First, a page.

Evergreen State College will replace the day when it asks white students and faculty members to leave campus, according to a Monday report.
The Washington state college formed a committee to deliberate on what kind of programming will replace its annual “Day of Absence,” which former Evergreen professor Bret Weinstein protested in 2017 to nationwide media coverage, reported The College Fix.
The college wants students, faculty, and staff to assist in the creation of a “new equity symposium,” according to an email from Evergreen president George Bridges that was obtained by The Fix. Chassity Holliman-Douglas, which the school hired as its first vice president for equity and inclusion a month after the campus protests, will spearhead the new initiative.
“I have asked [Holliman-Douglas] to convene and chair a planning group comprised of students, faculty, and staff to shape its content and structure such that all members of our campus community are invited to engage in dialogue and discussion with one another and the speakers we invite to campus,” said Bridges in his email. “It is my sincere hope that this event reinforces our commitment to addressing these critical issues facing the college and society.”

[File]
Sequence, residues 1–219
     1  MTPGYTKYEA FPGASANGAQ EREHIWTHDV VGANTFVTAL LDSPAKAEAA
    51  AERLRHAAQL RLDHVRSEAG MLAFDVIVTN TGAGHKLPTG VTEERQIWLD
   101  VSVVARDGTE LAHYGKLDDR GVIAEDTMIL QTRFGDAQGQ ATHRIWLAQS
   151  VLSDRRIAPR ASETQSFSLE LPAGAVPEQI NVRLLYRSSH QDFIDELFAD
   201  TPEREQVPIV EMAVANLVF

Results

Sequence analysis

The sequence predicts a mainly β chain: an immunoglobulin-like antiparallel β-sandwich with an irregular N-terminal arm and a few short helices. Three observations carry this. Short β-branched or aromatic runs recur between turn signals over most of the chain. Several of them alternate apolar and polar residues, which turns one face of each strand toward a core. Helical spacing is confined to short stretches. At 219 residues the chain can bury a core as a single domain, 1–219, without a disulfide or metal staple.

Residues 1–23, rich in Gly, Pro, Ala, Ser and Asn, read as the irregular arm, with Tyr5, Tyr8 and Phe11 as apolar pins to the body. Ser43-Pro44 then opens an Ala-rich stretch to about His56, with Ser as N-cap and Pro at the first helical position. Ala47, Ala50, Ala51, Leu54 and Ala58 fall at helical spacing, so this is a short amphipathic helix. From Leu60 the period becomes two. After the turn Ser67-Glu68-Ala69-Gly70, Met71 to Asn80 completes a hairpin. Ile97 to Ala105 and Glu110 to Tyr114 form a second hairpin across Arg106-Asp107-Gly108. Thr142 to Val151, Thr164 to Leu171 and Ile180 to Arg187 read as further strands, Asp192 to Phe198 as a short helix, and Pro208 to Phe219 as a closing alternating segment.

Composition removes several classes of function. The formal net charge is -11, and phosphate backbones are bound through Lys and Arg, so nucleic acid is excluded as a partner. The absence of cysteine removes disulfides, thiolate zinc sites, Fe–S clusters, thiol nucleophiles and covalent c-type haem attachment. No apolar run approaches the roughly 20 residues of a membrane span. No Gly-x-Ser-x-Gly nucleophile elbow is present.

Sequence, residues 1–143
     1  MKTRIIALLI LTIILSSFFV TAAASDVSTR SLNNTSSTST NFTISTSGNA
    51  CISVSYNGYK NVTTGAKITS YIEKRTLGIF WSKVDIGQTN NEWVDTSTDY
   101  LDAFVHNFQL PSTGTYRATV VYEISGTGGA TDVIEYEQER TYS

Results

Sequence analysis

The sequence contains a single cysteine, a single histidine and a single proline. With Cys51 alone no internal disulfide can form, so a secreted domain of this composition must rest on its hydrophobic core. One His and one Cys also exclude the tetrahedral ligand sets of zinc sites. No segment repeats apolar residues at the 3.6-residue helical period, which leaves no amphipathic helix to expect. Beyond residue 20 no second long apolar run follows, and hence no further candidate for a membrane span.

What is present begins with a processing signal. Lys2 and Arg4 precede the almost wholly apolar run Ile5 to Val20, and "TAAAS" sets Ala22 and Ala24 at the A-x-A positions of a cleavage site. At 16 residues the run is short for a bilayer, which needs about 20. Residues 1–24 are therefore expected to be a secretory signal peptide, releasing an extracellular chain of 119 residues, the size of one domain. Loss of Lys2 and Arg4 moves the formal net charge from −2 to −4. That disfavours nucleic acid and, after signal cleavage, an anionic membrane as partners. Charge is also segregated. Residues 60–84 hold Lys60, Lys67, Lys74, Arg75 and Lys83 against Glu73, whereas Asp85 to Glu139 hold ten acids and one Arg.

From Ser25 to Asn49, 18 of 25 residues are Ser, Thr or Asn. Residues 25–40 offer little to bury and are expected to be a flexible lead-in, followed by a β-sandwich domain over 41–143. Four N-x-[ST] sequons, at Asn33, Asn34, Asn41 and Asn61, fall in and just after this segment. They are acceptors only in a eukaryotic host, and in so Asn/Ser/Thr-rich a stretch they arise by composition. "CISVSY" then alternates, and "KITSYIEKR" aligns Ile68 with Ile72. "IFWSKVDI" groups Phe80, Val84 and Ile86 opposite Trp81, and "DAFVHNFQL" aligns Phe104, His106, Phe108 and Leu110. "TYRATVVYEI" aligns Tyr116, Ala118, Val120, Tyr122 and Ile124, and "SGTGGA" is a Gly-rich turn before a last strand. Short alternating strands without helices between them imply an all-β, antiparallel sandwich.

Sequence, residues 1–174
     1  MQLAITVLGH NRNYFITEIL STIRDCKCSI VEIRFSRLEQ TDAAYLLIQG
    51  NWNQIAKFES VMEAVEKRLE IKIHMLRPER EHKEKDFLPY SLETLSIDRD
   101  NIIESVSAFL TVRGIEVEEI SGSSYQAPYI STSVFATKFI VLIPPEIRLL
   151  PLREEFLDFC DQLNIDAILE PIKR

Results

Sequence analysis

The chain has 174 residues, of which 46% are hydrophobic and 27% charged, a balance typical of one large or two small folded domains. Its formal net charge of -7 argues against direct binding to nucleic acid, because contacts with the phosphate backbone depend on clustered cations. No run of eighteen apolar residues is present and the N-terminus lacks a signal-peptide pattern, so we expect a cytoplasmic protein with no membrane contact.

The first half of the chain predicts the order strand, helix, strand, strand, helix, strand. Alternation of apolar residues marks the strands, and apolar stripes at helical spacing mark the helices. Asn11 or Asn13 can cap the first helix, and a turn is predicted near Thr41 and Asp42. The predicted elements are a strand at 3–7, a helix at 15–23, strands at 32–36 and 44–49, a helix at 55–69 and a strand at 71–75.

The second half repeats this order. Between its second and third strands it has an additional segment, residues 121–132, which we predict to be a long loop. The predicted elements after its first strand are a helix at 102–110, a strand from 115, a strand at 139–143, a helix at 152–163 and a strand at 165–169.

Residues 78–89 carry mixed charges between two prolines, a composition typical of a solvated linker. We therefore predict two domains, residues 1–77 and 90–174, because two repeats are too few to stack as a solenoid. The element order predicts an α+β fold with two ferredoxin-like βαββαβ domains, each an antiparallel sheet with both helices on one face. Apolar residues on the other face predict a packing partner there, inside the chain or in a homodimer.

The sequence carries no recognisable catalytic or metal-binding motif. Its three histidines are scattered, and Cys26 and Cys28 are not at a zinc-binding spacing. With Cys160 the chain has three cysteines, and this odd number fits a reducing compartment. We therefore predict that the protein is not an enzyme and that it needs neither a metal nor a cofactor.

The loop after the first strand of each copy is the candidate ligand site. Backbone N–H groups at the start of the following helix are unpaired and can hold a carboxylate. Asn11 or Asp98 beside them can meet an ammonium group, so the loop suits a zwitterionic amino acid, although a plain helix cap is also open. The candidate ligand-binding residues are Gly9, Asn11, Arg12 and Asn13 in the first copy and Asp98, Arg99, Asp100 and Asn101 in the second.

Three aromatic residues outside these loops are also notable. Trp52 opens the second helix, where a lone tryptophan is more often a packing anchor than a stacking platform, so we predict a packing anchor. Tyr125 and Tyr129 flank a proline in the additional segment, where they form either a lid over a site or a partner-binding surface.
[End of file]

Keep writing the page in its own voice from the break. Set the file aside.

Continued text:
Weinstein and his wife, Heather Heying, received a $500,000 settlement after suing Evergreen for discrimination following the protests. Campus police had told Weinstein they could not guarantee his safety during the May incident.
Stacy Brown resigned as chief of Evergreen’s campus police a couple of months following the protests, alleging that the school would not let her or her fellow officers use rifles. (RELATED: Evergreen State Police Chief Resigns: ‘We Should Have Rifles’)
The Daily Caller News Foundation reached out to Evergreen for comment, but received none in time for press.
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